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Ardahan
—  Town  —
Location of Ardahan within Turkey.
Coordinates: 41°07′N 42°42′E / 41.117°N 42.7°E / 41.117; 42.7
Country  Turkey
Region Eastern Anatolia
Province Ardahan
Elevation 1,900 m (6,234 ft)
Population
 - Total 17,274
Time zone EET (UTC+2)
 - Summer (DST) EEST (UTC+3)
Postal code 75xxx
Area code(s) (0090)+ 478
Licence plate 75

Ardahan (Armenian: Արդահան, also Արտահան, Artahan; Georgian: არტაანი, არდაჰანი) is a city in northeastern Turkey, near the Georgian border.

Contents

History

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Ancient and medieval

Ardahan belonged to the Kingdom of Armenia during ancient and medieval times. It was located in the canton of Ardahan, which was a part of the province of Gugark'.[1] In the ninth century, the city was taken by the Bagratuni princes of Artanuj. From the ninth to eleventh centuries, Ardahan was an important transit point for goods arriving from the Abbasid Caliphate and departing to the regions around the Black Sea. According to the Arab historian Yahya of Antioch, the Byzantines burned down Ardahan and slaughtered its population in 1021.[1] The Mongols took hold of the city in the 1230s but the Georgian princes of Samtskhe-Saatabago were able to capture it from them in 1266.

The principality of Samtskhe-Saatabago was annexed by the Ottoman Empire in 1555 and Ardahan was included into the sanjak of Ardahan (an overall part of the vilayet of Akhaltsikhe).[2] The Ottomans constructed a substantial fortress at Ardahan. The Turkish traveller Evliya Chelebi visited Ardahan in the 1640s and gave the following description: "The fortress of Ardahan sits atop an inaccessible cliff. It is square-shaped and sturdy....This fortress has a cold climate and, because of this, there are no gardens or orchards. Fruits arrive from the fortress at Ajara and Tortum."[3]

Modern

Prior to the outbreak of the 1828-1829 Russo-Turkish war, Ardahan was composed of 400 households, the great majority of them Armenian.[1] Many of them later immigrated to Russia. The town passed into the hands of the Russian Empire following the 1877-1878 Russo-Turkish War and was made a part of the Kars Oblast. The majority of the town was made up of Armenians, while other ethnic groups included Georgians, Greeks, Jews, Russians, Turks and Yazidis.[1][2] The town flourished economically under Russian rule, exporting fruits, smoked lamb meat, wheat and wood. New roads were constructed, linking Ardahan to Akhalkalak, Kars and Oltu. On December 25, 1914, in the early months of the First World War, the Ottoman army occupied Ardahan and massacred many of its Armenian and Georgian inhabitants.[2] The Russians captured the town on June 3, 1915, allowing some of the original inhabitants who had fled to return.

As Russian forces withdrew from the front following the October Revolution, a small Armenian volunteer force took up positions to defend the town from the approaching Ottoman Army. On March 6, 1918 the Ottoman army, along with the help of the town's Muslims, overwhelmed Ardahan's Armenian garrison and retook the town. The British occupied Ardahan after the end of the First World War and eventually handed control over it to the Democratic Republic of Armenia. When the Turkish Nationalists captured Ardahan in November 1920, the town's remaining Armenians and Georgians fled to Armenia and Georgia.[2] The Treaty of Moscow, signed the following year between the Soviets and the Turks, confirmed Ardahan as a part of Turkish territory.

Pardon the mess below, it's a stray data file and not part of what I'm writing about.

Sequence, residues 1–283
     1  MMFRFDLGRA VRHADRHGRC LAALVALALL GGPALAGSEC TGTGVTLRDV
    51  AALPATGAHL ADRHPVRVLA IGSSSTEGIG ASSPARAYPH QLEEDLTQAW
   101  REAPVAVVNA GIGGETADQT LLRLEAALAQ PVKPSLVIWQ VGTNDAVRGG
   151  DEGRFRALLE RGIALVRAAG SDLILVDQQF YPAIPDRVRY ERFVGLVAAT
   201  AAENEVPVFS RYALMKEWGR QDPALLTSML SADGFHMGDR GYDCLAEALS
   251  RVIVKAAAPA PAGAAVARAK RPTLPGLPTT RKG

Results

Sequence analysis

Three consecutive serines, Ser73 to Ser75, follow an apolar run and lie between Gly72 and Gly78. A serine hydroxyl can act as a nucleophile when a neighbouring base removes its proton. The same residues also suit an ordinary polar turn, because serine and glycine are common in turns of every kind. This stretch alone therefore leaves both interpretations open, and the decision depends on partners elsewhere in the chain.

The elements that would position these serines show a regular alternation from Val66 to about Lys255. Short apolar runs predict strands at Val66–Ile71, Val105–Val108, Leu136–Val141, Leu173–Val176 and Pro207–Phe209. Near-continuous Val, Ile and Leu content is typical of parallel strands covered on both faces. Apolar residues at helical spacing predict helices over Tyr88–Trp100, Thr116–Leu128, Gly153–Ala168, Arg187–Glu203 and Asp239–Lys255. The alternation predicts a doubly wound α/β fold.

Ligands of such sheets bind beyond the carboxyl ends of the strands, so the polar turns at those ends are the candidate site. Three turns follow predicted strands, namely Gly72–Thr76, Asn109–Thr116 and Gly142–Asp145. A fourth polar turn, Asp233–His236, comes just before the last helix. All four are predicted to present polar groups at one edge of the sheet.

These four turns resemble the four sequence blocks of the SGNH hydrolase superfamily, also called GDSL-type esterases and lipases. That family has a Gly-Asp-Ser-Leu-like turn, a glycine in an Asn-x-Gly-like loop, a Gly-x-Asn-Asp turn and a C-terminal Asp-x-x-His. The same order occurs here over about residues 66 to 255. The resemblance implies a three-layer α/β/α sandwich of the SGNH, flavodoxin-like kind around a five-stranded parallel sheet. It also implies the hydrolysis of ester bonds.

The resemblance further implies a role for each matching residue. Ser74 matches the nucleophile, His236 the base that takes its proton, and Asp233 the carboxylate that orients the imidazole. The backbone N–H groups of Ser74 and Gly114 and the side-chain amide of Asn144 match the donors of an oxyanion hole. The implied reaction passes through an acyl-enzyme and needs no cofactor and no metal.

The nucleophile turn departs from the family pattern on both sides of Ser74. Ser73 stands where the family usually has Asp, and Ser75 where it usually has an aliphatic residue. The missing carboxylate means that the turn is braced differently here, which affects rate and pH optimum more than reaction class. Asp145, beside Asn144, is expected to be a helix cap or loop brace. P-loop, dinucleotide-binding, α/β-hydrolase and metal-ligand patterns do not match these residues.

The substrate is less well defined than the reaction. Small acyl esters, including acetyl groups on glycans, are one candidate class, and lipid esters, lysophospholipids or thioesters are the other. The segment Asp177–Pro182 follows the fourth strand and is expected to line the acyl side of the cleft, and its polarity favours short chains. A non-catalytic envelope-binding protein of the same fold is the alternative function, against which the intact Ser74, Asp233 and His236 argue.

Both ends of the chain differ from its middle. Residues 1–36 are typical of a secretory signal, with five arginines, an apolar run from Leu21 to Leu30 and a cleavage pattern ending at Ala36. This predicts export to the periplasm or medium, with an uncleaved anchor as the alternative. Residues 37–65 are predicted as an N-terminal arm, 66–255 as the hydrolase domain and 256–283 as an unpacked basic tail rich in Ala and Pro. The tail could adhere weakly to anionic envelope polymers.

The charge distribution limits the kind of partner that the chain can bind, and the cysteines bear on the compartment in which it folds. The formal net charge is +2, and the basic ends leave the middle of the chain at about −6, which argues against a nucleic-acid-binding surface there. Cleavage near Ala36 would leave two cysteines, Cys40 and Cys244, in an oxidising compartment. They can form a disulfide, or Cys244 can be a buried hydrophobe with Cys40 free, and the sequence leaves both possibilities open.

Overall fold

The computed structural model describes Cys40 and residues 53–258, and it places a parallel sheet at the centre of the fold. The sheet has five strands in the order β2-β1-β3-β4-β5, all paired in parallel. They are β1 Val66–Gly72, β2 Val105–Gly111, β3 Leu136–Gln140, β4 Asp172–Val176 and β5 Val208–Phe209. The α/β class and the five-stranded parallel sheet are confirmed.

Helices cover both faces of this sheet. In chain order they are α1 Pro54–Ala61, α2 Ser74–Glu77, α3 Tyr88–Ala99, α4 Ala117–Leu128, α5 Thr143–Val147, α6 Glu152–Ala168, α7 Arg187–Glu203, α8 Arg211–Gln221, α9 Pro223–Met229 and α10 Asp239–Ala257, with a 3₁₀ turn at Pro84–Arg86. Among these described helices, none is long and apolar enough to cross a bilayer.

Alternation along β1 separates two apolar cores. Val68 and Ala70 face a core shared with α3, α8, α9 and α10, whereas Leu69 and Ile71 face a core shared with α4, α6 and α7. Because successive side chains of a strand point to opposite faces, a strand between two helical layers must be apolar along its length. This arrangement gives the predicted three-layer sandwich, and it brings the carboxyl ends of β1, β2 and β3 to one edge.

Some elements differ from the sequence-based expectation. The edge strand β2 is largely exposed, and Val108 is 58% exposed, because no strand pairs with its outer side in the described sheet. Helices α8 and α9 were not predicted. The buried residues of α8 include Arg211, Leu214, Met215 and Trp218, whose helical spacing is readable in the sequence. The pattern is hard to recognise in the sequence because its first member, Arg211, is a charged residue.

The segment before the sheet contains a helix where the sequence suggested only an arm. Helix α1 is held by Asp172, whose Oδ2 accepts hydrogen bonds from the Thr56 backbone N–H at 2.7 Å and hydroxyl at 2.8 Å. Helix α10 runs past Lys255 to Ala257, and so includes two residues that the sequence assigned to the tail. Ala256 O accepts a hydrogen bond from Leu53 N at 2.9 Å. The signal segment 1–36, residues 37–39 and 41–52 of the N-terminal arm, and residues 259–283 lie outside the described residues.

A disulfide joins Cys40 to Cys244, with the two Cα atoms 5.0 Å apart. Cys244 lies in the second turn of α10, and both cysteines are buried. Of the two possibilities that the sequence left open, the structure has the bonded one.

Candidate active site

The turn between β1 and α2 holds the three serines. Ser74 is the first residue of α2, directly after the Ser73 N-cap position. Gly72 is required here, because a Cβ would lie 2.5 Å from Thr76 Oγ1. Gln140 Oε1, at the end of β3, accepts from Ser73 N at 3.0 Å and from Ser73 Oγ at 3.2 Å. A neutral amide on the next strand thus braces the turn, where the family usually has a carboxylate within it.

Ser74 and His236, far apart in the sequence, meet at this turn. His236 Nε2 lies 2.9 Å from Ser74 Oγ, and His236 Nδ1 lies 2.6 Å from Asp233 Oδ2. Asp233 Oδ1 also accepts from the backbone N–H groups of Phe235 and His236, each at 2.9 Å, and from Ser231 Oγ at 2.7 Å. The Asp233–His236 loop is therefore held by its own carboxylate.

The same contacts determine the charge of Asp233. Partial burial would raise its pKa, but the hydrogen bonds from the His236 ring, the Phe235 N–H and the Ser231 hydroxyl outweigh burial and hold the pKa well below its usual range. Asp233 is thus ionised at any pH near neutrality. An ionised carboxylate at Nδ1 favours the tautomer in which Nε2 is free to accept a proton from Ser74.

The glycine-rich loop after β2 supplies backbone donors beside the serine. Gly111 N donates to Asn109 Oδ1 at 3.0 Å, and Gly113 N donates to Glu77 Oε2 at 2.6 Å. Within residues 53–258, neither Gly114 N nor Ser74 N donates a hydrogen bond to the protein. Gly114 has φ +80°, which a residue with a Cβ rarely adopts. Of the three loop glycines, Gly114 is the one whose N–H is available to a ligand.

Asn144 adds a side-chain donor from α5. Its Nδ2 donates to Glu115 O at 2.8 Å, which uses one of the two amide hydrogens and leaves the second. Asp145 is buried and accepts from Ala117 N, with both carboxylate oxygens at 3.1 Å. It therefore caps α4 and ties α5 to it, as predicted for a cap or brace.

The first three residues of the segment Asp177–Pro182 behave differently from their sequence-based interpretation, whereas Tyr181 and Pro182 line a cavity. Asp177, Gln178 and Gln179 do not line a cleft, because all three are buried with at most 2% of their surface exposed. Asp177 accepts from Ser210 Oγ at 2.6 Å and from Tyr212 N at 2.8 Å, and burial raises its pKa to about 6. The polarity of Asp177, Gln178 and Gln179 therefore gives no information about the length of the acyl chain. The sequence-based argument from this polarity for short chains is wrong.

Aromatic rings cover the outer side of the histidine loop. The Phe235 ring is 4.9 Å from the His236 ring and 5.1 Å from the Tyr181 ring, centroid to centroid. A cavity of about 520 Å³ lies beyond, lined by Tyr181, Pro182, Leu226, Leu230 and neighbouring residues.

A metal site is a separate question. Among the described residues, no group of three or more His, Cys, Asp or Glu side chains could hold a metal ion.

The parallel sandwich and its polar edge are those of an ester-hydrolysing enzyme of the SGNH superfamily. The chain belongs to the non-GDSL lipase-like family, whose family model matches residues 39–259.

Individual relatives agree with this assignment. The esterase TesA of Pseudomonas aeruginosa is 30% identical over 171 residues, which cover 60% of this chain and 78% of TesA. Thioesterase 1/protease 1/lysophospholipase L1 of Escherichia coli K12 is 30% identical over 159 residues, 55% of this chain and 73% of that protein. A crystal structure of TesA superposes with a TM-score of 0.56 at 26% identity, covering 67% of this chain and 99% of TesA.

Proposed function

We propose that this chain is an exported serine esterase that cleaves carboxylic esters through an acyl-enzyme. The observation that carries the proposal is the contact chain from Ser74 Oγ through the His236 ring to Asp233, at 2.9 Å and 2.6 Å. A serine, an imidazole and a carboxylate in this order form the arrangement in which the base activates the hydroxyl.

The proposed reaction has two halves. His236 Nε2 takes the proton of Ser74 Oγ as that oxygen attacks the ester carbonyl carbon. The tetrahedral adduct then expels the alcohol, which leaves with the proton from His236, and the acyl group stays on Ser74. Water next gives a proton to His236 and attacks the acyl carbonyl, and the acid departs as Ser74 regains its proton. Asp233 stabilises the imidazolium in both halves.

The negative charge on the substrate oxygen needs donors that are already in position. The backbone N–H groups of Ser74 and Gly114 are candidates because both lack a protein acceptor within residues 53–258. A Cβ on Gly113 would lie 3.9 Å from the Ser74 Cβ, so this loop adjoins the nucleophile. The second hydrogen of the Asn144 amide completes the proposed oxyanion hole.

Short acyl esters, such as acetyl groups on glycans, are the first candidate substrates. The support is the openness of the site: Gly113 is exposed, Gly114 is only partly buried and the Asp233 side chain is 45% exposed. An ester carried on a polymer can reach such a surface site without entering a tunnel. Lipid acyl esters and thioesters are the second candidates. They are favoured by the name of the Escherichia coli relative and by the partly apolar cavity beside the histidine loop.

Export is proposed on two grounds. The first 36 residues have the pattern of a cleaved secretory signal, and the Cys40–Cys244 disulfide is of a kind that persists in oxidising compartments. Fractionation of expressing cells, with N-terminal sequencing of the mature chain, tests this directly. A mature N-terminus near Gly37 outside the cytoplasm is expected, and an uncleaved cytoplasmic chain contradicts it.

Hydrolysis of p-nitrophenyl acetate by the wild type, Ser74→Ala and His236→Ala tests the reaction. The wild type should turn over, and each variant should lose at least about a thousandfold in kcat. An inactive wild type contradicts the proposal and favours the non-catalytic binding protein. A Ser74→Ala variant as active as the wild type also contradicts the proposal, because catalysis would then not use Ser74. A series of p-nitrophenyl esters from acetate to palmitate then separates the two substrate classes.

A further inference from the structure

In 1960, Ardahan's population stood at 7,228 and was populated by both Kurds and Turks.[1]

Life in Ardahan

Ardahan is one of the small provincial capitals in Turkey and was until 1993 a small town in the province of Kars. In 1993 the district was made a province, with Ardahan as its regional capital. This resulted in new investment in government buildings and services, but life in mountains that spend half the year under snow is still a struggle.

Kars Kafkas University has an institute in Ardahan. There is also a substantial military presence in the town. The army still occupies the Ottoman fortress and it is inaccessible to visitors. The civil servants, academics, and military officers stationed in Ardahan help to support the local economy. These people have their own clubs and guest houses, while in the town itself there are still few social, cultural, and shopping amenities. There are hotels, mainly used by truck drivers and other travellers crossing into Georgia.

The region is renowned for its hard yellow kaşar cheese, its cattle markets, and its geese.

Significant Days

Local Days of Celebration

  • Freedom Day - 23 February
  • Commemoration day for Çanakkale Victory - 18 March
  • Commemoration day for Air Force Martyrs - 21 March
  • Seljuq Conquest of Ardahan - 24 June
  • Ram Introduction - 10 October

Festivals

  • Festival of Animals and Animal Products - 20 August
  • Goose Festival - 18 November

International relations

Twin towns—Sister cities

Ardahan is twinned with:

See also

Notes

  1. ^ a b c d e (Armenian) Anon. «Արդահան» (Ardahan). Armenian Soviet Encyclopedia. vol. ii. Yerevan, Armenian SSR: Armenian Academy of Sciences, 1976, p. 7.
  2. ^ a b c d (Armenian) Melkonyan, Ashot. «Արդահան» (Ardahan). Encyclopedia of the Armenian Question. Yerevan: Yerevan State University Press, 1996, p. 54.
  3. ^ (Armenian) Evliya Chelebi. Թուրքական Աղբյուրներ, Էվլիյա Չելեբի (Turkish Sources, Evliya Chelebi). Foreign Sources on Armenia and Armenians, Turkish Sources, Volume 3. Trans. and commentary by A. Kh. Safrastyan. Yerevan, Armenian SSR: Oriental Department of Armenian Academy of Sciences, 1967, p. 113.

Further reading


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